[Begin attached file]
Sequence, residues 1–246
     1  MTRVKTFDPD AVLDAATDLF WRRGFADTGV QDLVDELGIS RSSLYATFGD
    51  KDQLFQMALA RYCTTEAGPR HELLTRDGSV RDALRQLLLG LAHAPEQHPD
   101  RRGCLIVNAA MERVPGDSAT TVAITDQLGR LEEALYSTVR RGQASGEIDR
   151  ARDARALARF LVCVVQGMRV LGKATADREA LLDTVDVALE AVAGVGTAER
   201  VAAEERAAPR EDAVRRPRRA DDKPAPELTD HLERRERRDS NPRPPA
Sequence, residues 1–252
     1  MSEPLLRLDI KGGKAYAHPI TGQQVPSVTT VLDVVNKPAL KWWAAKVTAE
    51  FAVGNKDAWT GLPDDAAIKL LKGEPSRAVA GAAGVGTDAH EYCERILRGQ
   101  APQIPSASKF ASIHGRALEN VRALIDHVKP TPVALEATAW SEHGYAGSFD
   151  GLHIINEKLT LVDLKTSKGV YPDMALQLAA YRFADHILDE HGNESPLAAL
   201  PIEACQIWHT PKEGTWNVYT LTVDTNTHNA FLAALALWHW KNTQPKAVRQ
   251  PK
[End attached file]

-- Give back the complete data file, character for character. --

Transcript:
Sequence, residues 1–246
     1  MTRVKTFDPD AVLDAATDLF WRRGFADTGV QDLVDELGIS RSSLYATFGD
    51  KDQLFQMALA RYCTTEAGPR HELLTRDGSV RDALRQLLLG LAHAPEQHPD
   101  RRGCLIVNAA MERVPGDSAT TVAITDQLGR LEEALYSTVR RGQASGEIDR
   151  ARDARALARF LVCVVQGMRV LGKATADREA LLDTVDVALE AVAGVGTAER
   201  VAAEERAAPR EDAVRRPRRA DDKPAPELTD HLERRERRDS NPRPPA
Sequence, residues 1–252
     1  MSEPLLRLDI KGGKAYAHPI TGQQVPSVTT VLDVVNKPAL KWWAAKVTAE
    51  FAVGNKDAWT GLPDDAAIKL LKGEPSRAVA GAAGVGTDAH EYCERILRGQ
   101  APQIPSASKF ASIHGRALEN VRALIDHVKP TPVALEATAW SEHGYAGSFD
   151  GLHIINEKLT LVDLKTSKGV YPDMALQLAA YRFADHILDE HGNESPLAAL
   201  PIEACQIWHT PKEGTWNVYT LTVDTNTHNA FLAALALWHW KNTQPKAVRQ
   251  PK